After the end of the camp season in September, Ken took stock, outlining a Five Year Plan for the school, the camps, and himself. Nothing in his plans suggests that he considered the possibility that he might be overcommitted. He wrote, "How different from college days and before, when I used to dream, but with a lurking sense of frustration because I couldn't see how to accomplish the things I dreamt of. Now I dream as much, but the foundations are laid for the realization of plans, and I have both the confidence in tested ability and the experience to know how to achieve what I wish.... What are some of these dreams? First, that the School will prosper, will become one of the choice little schools of the country, will make a significant contribution to the cause of better education: classes designed to stimulate intellectual curiosity, to awaken interests which will lead to the continuing process of self-education; an environment rich and varied, designed to teach the dignity and the satisfaction of labor, the joy of wholesome activity in the out-of-doors; a spiritual life deep and true enuf to give youngsters the anchorage they so vitally need, to help in building a fine, noble, and useful personality, at peace with God and man."

     By early September, the Country School enrollment was still far from full, with only 5  students more than had signed up in June. That signaled potential trouble for the school, but there was real trouble at the camps: they had lost money during the summer. Yet Ken's optimism remained undaunted: "it has been a fine summer: boundless goodwill and prospects for another year. Only the finances are bad, but we'll get that fixed with this fall and plan for a $10,000 profit next summer. At the moment School enrollment looks good: 21 yesterday, with three or four more pretty sure, one visiting last night."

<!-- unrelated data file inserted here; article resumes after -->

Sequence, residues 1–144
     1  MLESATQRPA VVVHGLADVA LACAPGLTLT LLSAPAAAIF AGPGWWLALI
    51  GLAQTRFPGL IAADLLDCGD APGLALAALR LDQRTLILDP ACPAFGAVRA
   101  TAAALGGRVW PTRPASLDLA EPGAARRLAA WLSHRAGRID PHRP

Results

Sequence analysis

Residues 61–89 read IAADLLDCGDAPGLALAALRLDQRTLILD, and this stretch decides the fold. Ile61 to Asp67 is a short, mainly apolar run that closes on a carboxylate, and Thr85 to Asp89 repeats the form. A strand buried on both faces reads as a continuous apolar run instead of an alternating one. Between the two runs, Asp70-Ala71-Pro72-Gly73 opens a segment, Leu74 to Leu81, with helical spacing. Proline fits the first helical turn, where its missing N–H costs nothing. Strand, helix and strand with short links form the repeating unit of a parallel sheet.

The Webbs spent as much of September closing up the camps and moving into Woodstock as they did setting up the Country School for its first opening day. Ken went on another trip to visit other New England schools to glean ideas for Woodstock. He was particularly taken by the weaving program at Fireside and a local bird identification project at Indian Mountain. Ken's diary betrayed no anxiety about the prospect, nor did he record many details of preschool activities.  He stopped writing entirely the day before school opened. Only in the last week before opening did Ken immerse himself once more in the details of school business on campus. For three months he had left all that to David so that, although the abstract plan of the school was still largely Ken's, its physical and practical realization was largely David's. Only in the final week before opening day did Ken and David truly begin working together, side by side, making joint decisions on a daily basis, which required mutual respect and understanding. Time and circumstance had robbed them of the academic equivalent of spring training, and without it they found it difficult to remember always that they were supposed to be on the same team.